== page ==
The star of Splatter Master is a pumpkin-headed scarecrow child who packs twin chainsaws. He’s the perfect protagonist for the setting he inhabits, a super-deformed, horror-themed world which takes a cue or two from Splatterhouse: Wanpaku Graffiti – you can even wear a hockey mask to increase the power of your chainsaw attacks.
The story is a simple fairy tale affair; an evil wizard named Jagodd moves into a peaceful village and begins turning people and objects into monsters. Most residents pack their stuff and leave, but an elderly couple decides to stick it out on their farm, until they are kidnapped themselves. Their scarecrow, meanwhile, is also brought to life by the wizard’s magic, but decides to go against him and his minions to rescue the elderly couple, who “loved him like their own child””, which is surely the strangest element to this narrative.
Gameplay-wise, this is a mostly successful 3D beat-’em-up/platformer hybrid. The scarecrow – though unnamed within Splatter Master, he’s known as Deathdoll Kakashi in a later appearance – normally fights with his fists and kicks, but pressing L1 and R1 together has him pull a spinning attack with his chainsaws, after which he fights with them until you either put them away through the same spinning attack or run out of gas. Its use goes far beyond crowd control; killing three monsters or more with it freezes the action while a word appears across the screen to congratulate you, leaving behind a sea of blood and gold. The gold bonus grows exponentially based on the death toll and the enemy type. This gold is then spent to buy permanent upgrades for your health and gas gauges or new moves like a Double Jump which lets you come crashing down to the ground headfirst, sending a damaging shockwave throughout the immediate area. Since the game’s linear structure doesn’t allow for grinding, your ability to splurge on those upgrades directly depends on how well you set up those chainsaw attacks, and pulling two or three successful massacres in a row is the most satisfying aspect of the game.
There are 7 levels, starting with the fields and abandoned buildings of Deathdoll’s village all the way to the wizard’s castle. The visuals are surprisingly good, from the rich environments to the large and often impressive bosses that await at the end of each level, and hardly betray their low-budget origins. The most interesting level has you walking alongside a stopped train in a desertic area, from which wagons periodically open to release group of monsters. When you reach the head locomotive, a giant, skull-faced worm bursts through the train, biting and throwing wheels and various other parts at you. True to its philosophy of merging old- and new-school design, the game gives a steady challenge, but rather than having multiple lives, you’re allowed to restart a level as many times as you like, and you can save your game if you decide to quit. This leads to Splatter Master‘s major frustration; there are no checkpoints before boss battles, meaning you only get one chance to beat them before you have to go through the whole level for another shot. The shop in which you spend your hard-earned gold is actually a truck you first encounter in the second level – an abandoned city a night- and after every level from then on; it is (wo)manned by the only normal human you will encounter during the game proper, a young woman in sexy clothes with giant, post-apocalyptic googles on her head who chides you when you leave without spending money. The splatter alluded to in the title, meanwhile, is almost cute in its cartoonishness, with large spurts of blood that disappear shortly after they touch the ground and bosses cut in half when you finish them with the chainsaws (which also increases the amount of money they drop).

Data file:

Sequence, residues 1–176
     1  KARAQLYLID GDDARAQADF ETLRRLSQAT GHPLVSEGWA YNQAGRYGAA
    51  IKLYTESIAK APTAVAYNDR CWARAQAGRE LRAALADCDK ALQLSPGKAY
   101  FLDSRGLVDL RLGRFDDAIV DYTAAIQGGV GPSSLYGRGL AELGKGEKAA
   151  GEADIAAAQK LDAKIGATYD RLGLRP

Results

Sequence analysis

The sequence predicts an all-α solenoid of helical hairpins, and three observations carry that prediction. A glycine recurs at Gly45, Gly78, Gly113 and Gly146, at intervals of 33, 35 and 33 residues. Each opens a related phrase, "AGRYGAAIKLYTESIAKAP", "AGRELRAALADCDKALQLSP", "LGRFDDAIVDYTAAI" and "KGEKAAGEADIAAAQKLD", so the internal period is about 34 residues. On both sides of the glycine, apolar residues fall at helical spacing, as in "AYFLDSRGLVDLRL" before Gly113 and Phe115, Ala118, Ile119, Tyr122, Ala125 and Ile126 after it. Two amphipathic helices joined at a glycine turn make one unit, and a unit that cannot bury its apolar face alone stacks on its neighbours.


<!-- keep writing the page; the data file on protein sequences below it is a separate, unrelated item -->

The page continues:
In keeping with developer Vingt-et-Un Systems’ habit, there is a notable attempt at providing replay value through various unlockables. You must finish the game on Normal difficulty twice to get the true ending, which unlocks a new costume allowing you to play as a human child; finish the game yet again while playing as that child and you unlock a new character, a more sinister-faced scarecrow in green overalls with large Freddy Krueger-like claws rather than chainsaws. The first time you beat the game, you also unlock a “Survival Mode”, in which you run through a long course in a coliseum, fighting monsters and occasionally picking up restorative items in front of an audience of monsters who boo loudly when you’re doing good and cheer whenever you get hit. There are yet more options to unlock by beating Survival Mode or finishing the game on “Hard”, which is no easy feat but gives you the chance to really strike it rich by throwing far more enemies at you.
The up-tempo soundtrack does a good job of pumping you up, mixing heavy metal guitar riffs and keyboards with the occasional creepy effect. While none of the melodies are strong enough to be really memorable, at its best it sounds like throwaway boss themes from Ys.
As is the case with many other titles in the Simple 2000 line, the English-language version was only released in Europe, through budget-game publisher 505 GameStreet. Thankfully, they added an option to choose between PAL or NTSC modes, and even had the good sense to use the same cover art illustration.
Being one of few standouts in D3’s generally low-quality Simple 2000 series, Splatter Master‘s hero appeared in their All-Star Fighters, which is where he received his Deathdoll Kakashi moniker. Despite the (admittedly decent) 3D graphics, the game plays like a so-so Street Fighter clone, which is actually enough to make it one of the better Simple games. Deathdoll has a few moves involving his chainsaw, including his spinning attack, but no story of his own.